Above painting: Louis Jean Francois - Mars and Venus an Allegory of Peace
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Monday, January 28, 2013

Book Review: Captured by a Cowboy by Jean Barrett

Captured By A Cowboy

by Jean Barrett
Review by Morgan Wyatt


Standing beside a shallow grave, Annie Johnson vows revenge on the stepfather who murdered her mother. Those plans are spoiled with the appearance of rugged cowboy Brady Malone, who is determined to haul Annie back to her grandfather's ranch, where the dying old man wants to reunite with his granddaughter. But Annie hates her cruel grandfather almost as much as she hates her stepfather.

Brady holds the evidence of the swindles Annie used to finance her search for her mother's killer. He won't hesitate to see her jailed if she doesn't accompany him to Wyoming. But he doesn't count on the discovery of her nemesis and her desire for retribution.

And neither Brady or Annie counts on their attraction to each other. 

Will Annie chose revenge or love? Either choice means a sacrifice--one that is bound to cost her dearly.


Captured by a Cowboy by Jean Barrett is a rugged western with a heart of gold. Get ready to saddle up and hit the trails with a determined shyster Annie Johnson, and the equally stubborn cowboy Brady. Annie blazes a larcenous trail that is easy for Brady to follow. He recognizes his target despite the fact she’s dressed as a good sister. When it comes to Annie Johnson, nothing is as it seems.

Annie Johnson knows her stepfather is responsible for her mother’s death, and she swears on her mother’s grave to make him pay. Her stepfather slides through towns quickly, which exhausts her meager supply of money. To fund her pursuit she turns to the cons her stepfather taught her, and a few she came up with on her own. She almost has her stepfather when a handsome cowboy gets in her way.

Brady has one mission that is to find his employer’s granddaughter and bring her home. He finds her in a mining town dressed as a sister and shaking miners down for the widows and orphans fund. While he definitely doesn’t approve of Annie’s activities, Brady finds himself drawn to the conniving spitfire. Even threatening her with jail fails to persuade her to accompany him.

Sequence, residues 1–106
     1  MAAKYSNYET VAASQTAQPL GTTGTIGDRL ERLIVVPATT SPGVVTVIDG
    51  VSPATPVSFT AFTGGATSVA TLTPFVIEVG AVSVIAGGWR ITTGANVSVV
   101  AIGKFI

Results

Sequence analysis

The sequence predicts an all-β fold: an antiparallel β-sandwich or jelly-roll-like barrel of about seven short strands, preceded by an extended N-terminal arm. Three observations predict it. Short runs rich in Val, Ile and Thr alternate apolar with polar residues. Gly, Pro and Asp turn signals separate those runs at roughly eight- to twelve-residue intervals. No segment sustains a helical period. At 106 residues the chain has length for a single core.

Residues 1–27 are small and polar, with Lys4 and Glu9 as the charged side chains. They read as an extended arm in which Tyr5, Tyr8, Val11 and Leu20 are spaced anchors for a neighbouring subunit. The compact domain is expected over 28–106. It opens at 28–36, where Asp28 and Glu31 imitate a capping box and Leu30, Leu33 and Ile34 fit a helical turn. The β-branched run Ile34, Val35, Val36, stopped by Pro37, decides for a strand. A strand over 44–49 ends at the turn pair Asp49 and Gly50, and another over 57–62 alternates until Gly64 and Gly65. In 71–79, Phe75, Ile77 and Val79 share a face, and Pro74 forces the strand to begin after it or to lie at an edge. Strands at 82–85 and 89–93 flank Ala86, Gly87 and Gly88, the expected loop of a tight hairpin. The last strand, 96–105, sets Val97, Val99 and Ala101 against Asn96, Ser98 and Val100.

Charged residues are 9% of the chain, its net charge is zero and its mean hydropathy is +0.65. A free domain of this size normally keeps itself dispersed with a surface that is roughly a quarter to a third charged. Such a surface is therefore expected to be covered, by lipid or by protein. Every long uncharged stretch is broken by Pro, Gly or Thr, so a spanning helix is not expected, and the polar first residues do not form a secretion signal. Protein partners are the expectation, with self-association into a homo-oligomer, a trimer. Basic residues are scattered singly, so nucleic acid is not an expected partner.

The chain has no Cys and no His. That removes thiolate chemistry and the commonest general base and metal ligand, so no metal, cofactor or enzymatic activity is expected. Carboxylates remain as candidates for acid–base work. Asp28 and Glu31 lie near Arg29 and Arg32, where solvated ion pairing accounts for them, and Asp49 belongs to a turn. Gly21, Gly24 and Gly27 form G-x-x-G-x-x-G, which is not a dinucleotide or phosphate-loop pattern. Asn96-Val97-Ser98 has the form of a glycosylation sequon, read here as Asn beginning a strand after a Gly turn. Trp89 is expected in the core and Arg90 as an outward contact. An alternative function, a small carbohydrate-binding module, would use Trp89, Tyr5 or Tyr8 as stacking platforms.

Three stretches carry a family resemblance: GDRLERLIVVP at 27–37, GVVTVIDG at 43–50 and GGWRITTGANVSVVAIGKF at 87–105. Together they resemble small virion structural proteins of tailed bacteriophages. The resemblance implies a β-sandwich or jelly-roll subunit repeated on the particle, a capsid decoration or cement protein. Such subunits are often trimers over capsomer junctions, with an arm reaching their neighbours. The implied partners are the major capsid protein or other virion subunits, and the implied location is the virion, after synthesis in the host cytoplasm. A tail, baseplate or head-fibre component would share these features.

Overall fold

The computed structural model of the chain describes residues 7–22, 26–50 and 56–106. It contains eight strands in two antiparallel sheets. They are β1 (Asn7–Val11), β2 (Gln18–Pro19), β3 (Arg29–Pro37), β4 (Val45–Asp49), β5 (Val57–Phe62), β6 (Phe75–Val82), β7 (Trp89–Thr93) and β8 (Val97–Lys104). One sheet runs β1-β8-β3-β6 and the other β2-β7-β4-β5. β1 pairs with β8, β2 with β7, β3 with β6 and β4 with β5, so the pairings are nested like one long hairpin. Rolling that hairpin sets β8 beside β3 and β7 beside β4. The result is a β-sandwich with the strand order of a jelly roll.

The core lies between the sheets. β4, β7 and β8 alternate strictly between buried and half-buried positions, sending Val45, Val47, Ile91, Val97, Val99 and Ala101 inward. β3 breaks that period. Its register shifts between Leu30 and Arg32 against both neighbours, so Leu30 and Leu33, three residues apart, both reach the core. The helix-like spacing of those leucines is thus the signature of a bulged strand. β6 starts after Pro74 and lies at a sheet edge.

Annie knows Brady doesn’t think much of her. It doesn’t matter because she doesn’t think much of his employer, her grandfather. If it hadn’t been for her grandfather her mother would be alive instead of buried in a shallow grave. After her father died, her grandfather made sure she and her mother felt unwelcome to stay at the family ranch. If her mother hadn’t left town, they wouldn’t had fell in with her stepfather. Why would she want to see such a man, even if Brady hogtied her and carried her there?

Annie and Brady definitely strike sparks off one another. Grandfather as a dying man who has many regrets, and little time to reconcile things is well done. The western setting comes alive in this tale. I could almost hear the train whistle. Brady is a classic cowboy tough, fair, and reasonably taciturn. Think young John Wayne. Annie for all her deviousness is more like Lucy managing to cause one disaster after another.

Captured by a Cowboy is a sweet western with some sensual undertones. If you like western romances, then you’re sure to like this one.

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